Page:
Chronology of one of the deadliest attacks on Turkish soldiers in the Republic’s history

Duvar English 

Following the deaths of at least 33 Turkish soldiers in the Syrian rebel-held province of Idlib, both the ruling Justice and Development Party (AKP) and Turkey’s opposition parties have held meetings and made statements addressing the crisis, which Turkey blames on Syrian regime forces. 

3 p.m. – Erdoğan claims ‘tables turning in Turkey’s favor’

The last statement made by President Recep Tayyip Erdoğan prior to the major attack last night occurred at 3 p.m. on Feb. 27, when he announced that three Turkish soldiers had been killed but that Syrian regime forces has sustained major losses.

4 p.m. – Turkish, Russian defense officials meet

During Erdoğan’s announcement, Russian and Turkish officials were holding meetings. 

“The events have reached a certain point. Today or tomorrow the results will become clear. We will act accordingly,” said Defense Minister Hulusi Akar in a statement at 4 p.m. on Feb. 27. 

8 p.m. – Ankara urges Moscow to cease fire in Idlib

At 8 p.m., the state-run Anadolu Agency announced that Ankara told Moscow that it needed to ensure a ceasefire in Idlib. 

Ankara noted the utmost importance of complying with the Sochi Treaty, Anadolu Agency also reported.

9 p.m. – U.S. promises Ankara help in Idlib

Akar spoke on the phone with his American counterpart, Secretary of Defense Mark Esper, at 9:40 p.m.

According to Pentagon sources, Esper said that Washington was looking for a way to work together with Turkey regarding Idlib. 

10 p.m. – Social media rumors Turkish soldiers killed, Presidency enters 6-hour meeting

Around 10 p.m. news broke on social media that a large number of Turkish soldiers were killed in an attack in Idlib.

Videos circulated on social media showing people nervously waiting outside of a hospital in the Turkish border town of Reyhanlı. 

According to sources, following the attack, the Presidency’s Office held a six-hour meeting that began at 10 p.m. on Thursday.  

11 p.m. – Turkish news bypasses soldier deaths, boasts of Syrian death toll

Instead of commenting on the attack, at 11 p.m. a number of news outlets in Turkey simultaneously reported that 1709 Syrian regime forces had been killed within 17 days.

11.50 p.m. – First official statement counts nine soldiers dead

While the meeting at the presidency’s office was ongoing, the governor of the border province of Hatay confirmed that Syrian regime forces had killed nine Turkish soldiers.

Feb. 28, 12.30 a.m. – Death toll rises to 22

Governor Rahmi Doğan later announced at 12:30 a.m. on Feb. 28 that the number of Turkish casualties had increased to 22.

2 a.m. – Doğan updated the figure to 29 soldiers dead while CHP spokesman Faik Öztrak said that a closed meeting needed to be held in parliament. 

3.45 a.m. – Doğan said that in fact 33 Turkish soldiers had been killed.

11.30 a.m. – Social media disabled in Turkey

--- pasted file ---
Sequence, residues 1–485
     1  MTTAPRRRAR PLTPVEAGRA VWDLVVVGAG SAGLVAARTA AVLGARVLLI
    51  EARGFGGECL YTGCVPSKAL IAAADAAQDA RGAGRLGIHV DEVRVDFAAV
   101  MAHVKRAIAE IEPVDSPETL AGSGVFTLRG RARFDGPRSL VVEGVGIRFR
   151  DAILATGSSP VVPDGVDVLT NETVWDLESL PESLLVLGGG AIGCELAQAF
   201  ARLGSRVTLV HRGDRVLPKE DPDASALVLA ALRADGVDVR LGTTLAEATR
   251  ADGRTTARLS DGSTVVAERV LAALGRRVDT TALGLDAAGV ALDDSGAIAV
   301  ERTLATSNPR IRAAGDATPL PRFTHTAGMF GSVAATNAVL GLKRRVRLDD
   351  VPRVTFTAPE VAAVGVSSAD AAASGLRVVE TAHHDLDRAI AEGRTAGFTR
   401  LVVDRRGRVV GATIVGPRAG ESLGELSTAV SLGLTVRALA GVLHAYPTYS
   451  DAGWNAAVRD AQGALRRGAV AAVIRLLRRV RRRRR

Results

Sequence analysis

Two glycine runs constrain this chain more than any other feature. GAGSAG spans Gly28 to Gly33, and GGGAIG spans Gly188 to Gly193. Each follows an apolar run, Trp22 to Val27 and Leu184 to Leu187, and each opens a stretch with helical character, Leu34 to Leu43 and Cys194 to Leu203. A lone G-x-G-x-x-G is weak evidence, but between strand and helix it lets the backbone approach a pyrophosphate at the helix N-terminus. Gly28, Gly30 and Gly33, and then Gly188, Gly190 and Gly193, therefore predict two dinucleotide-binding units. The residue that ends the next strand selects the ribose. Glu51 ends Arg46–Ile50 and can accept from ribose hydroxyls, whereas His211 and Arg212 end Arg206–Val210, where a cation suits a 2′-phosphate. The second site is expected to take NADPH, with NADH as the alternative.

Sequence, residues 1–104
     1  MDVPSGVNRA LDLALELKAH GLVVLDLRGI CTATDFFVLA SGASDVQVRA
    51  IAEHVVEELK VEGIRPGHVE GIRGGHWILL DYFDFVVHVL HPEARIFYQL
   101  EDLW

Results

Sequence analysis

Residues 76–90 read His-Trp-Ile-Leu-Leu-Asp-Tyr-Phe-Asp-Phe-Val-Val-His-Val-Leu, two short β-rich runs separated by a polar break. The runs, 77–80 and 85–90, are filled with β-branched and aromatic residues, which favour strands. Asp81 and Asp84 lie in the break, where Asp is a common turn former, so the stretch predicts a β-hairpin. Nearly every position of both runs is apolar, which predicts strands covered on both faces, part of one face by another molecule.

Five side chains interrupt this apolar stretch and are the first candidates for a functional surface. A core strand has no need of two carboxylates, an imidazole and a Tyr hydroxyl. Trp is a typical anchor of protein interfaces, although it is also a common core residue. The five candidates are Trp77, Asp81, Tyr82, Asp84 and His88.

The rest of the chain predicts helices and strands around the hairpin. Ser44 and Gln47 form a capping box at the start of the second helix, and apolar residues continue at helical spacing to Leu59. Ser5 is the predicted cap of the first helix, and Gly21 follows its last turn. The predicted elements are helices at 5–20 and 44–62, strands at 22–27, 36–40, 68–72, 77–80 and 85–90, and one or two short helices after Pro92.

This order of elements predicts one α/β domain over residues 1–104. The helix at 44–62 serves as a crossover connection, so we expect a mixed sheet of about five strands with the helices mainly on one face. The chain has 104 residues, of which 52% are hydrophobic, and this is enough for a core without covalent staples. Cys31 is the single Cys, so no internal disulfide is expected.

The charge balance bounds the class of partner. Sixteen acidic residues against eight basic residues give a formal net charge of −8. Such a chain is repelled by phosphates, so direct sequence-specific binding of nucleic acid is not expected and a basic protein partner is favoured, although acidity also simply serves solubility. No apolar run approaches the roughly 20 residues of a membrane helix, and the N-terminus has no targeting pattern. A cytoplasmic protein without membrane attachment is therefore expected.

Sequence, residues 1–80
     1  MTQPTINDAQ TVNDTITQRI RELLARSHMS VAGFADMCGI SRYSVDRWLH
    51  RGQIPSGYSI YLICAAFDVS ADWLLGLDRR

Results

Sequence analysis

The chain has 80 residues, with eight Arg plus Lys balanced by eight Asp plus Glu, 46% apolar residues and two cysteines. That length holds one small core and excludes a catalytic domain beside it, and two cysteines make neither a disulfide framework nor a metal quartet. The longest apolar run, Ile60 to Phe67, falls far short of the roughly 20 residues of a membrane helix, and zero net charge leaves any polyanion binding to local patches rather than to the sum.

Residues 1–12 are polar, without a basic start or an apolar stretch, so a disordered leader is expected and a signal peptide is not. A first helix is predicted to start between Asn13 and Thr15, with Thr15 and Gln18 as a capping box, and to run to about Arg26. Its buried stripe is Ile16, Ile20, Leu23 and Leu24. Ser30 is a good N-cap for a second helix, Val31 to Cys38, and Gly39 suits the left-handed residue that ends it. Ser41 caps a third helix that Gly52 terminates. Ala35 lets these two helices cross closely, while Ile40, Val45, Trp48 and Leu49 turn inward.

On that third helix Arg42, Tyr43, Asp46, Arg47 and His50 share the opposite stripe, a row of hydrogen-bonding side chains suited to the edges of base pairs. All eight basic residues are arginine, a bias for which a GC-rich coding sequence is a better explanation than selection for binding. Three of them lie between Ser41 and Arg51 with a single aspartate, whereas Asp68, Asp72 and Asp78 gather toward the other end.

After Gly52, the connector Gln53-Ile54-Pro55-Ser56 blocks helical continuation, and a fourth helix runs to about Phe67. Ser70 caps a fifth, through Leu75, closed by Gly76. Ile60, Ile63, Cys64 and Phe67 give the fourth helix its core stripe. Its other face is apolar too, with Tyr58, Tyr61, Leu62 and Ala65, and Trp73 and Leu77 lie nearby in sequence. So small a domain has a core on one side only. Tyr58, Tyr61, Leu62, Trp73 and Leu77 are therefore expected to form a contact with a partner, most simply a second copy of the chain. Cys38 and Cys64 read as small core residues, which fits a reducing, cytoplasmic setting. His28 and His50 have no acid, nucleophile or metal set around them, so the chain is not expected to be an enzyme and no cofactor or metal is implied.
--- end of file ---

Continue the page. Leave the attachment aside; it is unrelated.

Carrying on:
Starting around 11:30 a.m., access to Twitter, Instagram, and other social media networks was significantly limited in Turkey, at times useless without a VPN.

The Turkish government has throttled access to social media during periods of crises like the coup attempt of 2016 and the 2013 Gezi Protests.

Morning after – Government officials in silence about losses

Following the attack, although the Hatay governor announced the death toll, no statements were made by either President Erdoğan or Defense Minister Akar. Defense Minister Akar made his first statement almost 14 hours after the attack on Feb. 28.

The main opposition Republican People’s Party (CHP) held an emergency meeting in Ankara late on Feb. 27, as did the AKP’s coalition partner, the far-right Nationalist Movement Party (MHP).

The right-wing Good Party leader Meral Akşener cancelled her plans in the province of Balıkesir in order to return to Ankara. 

MHP chair Devlet Bahçeli said that military ground and air strikes needed to be executed swiftly in Idlib.

Following the presidency’s meeting on Feb. 27, Defense Minister Akar together with top military officials traveled to a military base in Hatay in early hours of Feb. 28.

from Duvar English

About CHP EU Representation

The CHP was founded on 9 September 1923, about one and half month before the proclamation of the Republic of Turkey. The first President of modern Turkey’s oldest party was M. Kemal Atatürk. Today CHP is a social-democratic party, member of the Socialist International and associate member of the Socialist Group at the European Parliament. The scope of the CHP bureau in Brussels is not limited to the bilateral framework of Turkey's EU accession process. Issues such as the information society, energy policies, social development, climate change, international trade and security are among the different focus areas. The EU-Turkey relations are about integration and need multiple, plural and horizontal channels of communication. The CHP supports and promotes Turkey's EU membership process also by being more present and active in Brussels The CHP's Representative to the EU is Ms Kader Sevinç who previously worked as an MEP advisor at the European Parliament and in the private sector.
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